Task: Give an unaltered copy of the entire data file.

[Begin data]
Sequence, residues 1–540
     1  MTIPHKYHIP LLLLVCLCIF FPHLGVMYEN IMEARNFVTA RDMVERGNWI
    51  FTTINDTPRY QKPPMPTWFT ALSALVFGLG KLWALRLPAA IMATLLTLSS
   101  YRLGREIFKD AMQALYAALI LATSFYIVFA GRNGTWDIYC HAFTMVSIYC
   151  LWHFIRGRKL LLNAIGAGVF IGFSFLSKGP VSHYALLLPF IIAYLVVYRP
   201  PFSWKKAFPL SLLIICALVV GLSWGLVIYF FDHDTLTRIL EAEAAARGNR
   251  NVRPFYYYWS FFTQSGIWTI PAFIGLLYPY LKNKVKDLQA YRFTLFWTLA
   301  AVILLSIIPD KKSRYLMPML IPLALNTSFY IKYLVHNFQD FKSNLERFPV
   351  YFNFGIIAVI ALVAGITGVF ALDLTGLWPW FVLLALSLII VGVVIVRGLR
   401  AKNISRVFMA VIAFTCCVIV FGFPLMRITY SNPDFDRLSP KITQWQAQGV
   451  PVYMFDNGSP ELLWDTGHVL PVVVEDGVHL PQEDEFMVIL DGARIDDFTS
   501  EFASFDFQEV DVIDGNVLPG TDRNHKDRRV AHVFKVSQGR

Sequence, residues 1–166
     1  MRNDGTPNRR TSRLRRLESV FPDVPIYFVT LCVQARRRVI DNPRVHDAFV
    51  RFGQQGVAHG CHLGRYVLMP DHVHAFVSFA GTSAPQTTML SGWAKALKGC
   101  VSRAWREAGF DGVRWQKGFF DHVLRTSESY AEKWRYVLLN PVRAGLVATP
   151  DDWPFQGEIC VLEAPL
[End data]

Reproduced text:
Sequence, residues 1–540
     1  MTIPHKYHIP LLLLVCLCIF FPHLGVMYEN IMEARNFVTA RDMVERGNWI
    51  FTTINDTPRY QKPPMPTWFT ALSALVFGLG KLWALRLPAA IMATLLTLSS
   101  YRLGREIFKD AMQALYAALI LATSFYIVFA GRNGTWDIYC HAFTMVSIYC
   151  LWHFIRGRKL LLNAIGAGVF IGFSFLSKGP VSHYALLLPF IIAYLVVYRP
   201  PFSWKKAFPL SLLIICALVV GLSWGLVIYF FDHDTLTRIL EAEAAARGNR
   251  NVRPFYYYWS FFTQSGIWTI PAFIGLLYPY LKNKVKDLQA YRFTLFWTLA
   301  AVILLSIIPD KKSRYLMPML IPLALNTSFY IKYLVHNFQD FKSNLERFPV
   351  YFNFGIIAVI ALVAGITGVF ALDLTGLWPW FVLLALSLII VGVVIVRGLR
   401  AKNISRVFMA VIAFTCCVIV FGFPLMRITY SNPDFDRLSP KITQWQAQGV
   451  PVYMFDNGSP ELLWDTGHVL PVVVEDGVHL PQEDEFMVIL DGARIDDFTS
   501  EFASFDFQEV DVIDGNVLPG TDRNHKDRRV AHVFKVSQGR

Sequence, residues 1–166
     1  MRNDGTPNRR TSRLRRLESV FPDVPIYFVT LCVQARRRVI DNPRVHDAFV
    51  RFGQQGVAHG CHLGRYVLMP DHVHAFVSFA GTSAPQTTML SGWAKALKGC
   101  VSRAWREAGF DGVRWQKGFF DHVLRTSESY AEKWRYVLLN PVRAGLVATP
   151  DDWPFQGEIC VLEAPL